Over the past year, the number of sellers on Etsy grew 61%.
Whether you are a part of that 61% — or have been an Etsy seller for years — there’s now a lot more competition for customers’ attention on Etsy.
That’s why building your own audience outside of the platform is so important.
But it can be hard to find the time. After all, as an Etsy seller, you wear a lot of hats.
From building product pages that get found, to all the nuance that comes with running a successful ecommerce business, it’s hard to find the time to engage with your existing customers.
But if you don’t, you’re leaving money on the table. 80% of your profits will come from just 20% of your existing customers.
Keeping your existing customers happy is clearly important. So how can you keep your existing customers coming back to you again and again?
By creating a Etsy newsletter, you can reach your past and future customers to share your new product listings and special offers to engage with your community. Plus, you’ll never have to fight a social media algorithm to get seen by your audience.
Because having an email newsletter means you have control over who receives your message, what the message is, and when they receive it.
So how do you start a newsletter for your Etsy store that not only builds deeper connections, but drives more repeat sales for your business?
Let’s walk through the steps to grow a list and start your newsletter.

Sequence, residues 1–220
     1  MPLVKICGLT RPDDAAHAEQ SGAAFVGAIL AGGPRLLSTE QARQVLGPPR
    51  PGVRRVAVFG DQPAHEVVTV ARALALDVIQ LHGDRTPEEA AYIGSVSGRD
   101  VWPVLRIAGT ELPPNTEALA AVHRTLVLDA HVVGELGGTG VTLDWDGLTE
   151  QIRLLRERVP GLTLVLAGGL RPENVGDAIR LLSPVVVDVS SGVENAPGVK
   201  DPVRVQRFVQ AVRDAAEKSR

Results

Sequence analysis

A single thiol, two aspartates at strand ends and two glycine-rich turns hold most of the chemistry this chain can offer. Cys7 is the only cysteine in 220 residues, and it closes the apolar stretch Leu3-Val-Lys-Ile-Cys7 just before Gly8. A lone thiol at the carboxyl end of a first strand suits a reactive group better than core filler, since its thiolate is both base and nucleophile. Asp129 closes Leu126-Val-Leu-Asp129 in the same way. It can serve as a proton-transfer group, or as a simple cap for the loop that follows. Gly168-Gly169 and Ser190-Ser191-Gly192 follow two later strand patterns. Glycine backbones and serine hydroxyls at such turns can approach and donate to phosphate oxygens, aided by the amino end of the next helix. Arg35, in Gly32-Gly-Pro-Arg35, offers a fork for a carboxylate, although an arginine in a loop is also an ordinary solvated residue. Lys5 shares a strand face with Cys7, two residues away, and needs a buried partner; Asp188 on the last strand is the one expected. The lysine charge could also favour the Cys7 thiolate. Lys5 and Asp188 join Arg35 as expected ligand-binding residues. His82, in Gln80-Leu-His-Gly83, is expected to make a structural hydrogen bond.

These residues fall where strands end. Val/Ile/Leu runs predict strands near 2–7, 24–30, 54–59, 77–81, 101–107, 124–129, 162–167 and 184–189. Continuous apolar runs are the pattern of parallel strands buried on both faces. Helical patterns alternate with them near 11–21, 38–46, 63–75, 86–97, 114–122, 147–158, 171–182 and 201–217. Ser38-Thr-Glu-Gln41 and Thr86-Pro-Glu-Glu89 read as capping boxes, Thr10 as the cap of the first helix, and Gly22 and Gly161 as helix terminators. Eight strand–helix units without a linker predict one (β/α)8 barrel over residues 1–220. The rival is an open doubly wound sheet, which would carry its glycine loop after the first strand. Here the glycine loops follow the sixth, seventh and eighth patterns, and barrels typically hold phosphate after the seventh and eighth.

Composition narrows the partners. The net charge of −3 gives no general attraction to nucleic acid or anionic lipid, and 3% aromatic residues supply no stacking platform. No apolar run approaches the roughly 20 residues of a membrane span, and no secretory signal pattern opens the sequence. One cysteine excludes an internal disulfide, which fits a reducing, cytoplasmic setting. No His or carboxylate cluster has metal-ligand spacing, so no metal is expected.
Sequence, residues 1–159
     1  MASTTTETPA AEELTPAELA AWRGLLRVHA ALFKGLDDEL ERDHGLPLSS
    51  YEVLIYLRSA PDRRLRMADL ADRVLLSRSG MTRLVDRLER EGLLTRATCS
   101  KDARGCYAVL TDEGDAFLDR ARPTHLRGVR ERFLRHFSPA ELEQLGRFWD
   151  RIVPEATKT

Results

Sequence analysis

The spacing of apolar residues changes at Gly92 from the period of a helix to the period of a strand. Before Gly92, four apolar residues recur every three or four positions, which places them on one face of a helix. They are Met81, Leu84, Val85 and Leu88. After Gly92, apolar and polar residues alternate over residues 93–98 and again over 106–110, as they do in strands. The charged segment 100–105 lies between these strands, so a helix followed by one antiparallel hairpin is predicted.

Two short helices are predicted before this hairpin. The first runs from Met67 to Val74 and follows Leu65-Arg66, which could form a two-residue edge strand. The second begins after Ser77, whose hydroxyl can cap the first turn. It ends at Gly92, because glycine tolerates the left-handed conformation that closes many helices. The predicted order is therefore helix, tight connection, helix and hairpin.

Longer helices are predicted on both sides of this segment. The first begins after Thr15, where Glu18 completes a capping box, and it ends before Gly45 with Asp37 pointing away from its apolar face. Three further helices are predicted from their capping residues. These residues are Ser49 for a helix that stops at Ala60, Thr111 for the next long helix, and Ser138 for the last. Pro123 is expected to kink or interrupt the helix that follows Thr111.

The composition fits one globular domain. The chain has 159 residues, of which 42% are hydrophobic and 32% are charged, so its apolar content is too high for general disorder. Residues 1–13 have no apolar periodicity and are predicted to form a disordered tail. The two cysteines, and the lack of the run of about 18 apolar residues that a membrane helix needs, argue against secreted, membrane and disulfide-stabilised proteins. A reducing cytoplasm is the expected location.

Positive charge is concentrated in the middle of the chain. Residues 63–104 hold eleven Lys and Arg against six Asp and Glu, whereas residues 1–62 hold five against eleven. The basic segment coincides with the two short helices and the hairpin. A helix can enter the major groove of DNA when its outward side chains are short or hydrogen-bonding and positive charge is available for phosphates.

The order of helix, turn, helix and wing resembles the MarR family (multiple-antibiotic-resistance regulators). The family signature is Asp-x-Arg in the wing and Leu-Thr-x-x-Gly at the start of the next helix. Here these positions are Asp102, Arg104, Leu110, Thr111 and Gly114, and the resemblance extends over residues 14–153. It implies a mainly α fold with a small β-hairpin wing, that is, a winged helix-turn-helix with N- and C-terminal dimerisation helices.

The first step to connecting with your customers and earning more repeat sales is building your list.
Here are three tips to help you grow your email list through Etsy and AWeber.
By connecting your Etsy account to your email service provider, you can automatically add customers to your lists. Plus, with an email service provider like AWeber, it’s easy to stay compliant with Etsy’s Seller Policy.
We take care of the confirmed opt-in process. This means your customers will have to confirm their subscriptions to your email list. If you want to email your customers, you will need to select “Yes, send my confirmation message to my new subscribers.”
This is required to keep compliant with the Etsy Seller Policy and avoid spamming your customers.
Some tips on what to include in your confirmed opt-in message:
Once the integration is set up, you can apply tags to your subscribers to customize your messaging based on the products your customers have purchased. For example, if you sell Knitting and Crochet patterns, you can send an email to announce new patterns to a segment of knitters and a segment of crocheters.
Segmentation allows for easier email personalization. And 74% of marketers say personalization can increase customer engagement rates.
So, if you haven’t already set up the integration, you can follow these simple steps in our help article on the Etsy Integration.
If you have been an Etsy store owner for a while, you likely have past customers who may want to hear from you — especially if they loved your product.
Simply export customers’ emails from Etsy and import them into AWeber. But remember, to stay compliant with Etsy’s Seller Policy, you must select “Yes, send my confirmation message to my new subscribers.” This is important if you want to send marketing emails to your past customers.
If you need additional help with importing a list, please reach out to our 24×7 Customer Solutions team.
Growing your email list doesn’t have to just be about connecting to Etsy. If you have a social following, website, podcast, blog, or another digital channel, you can drive your followers onto your email list to better control how you communicate with them.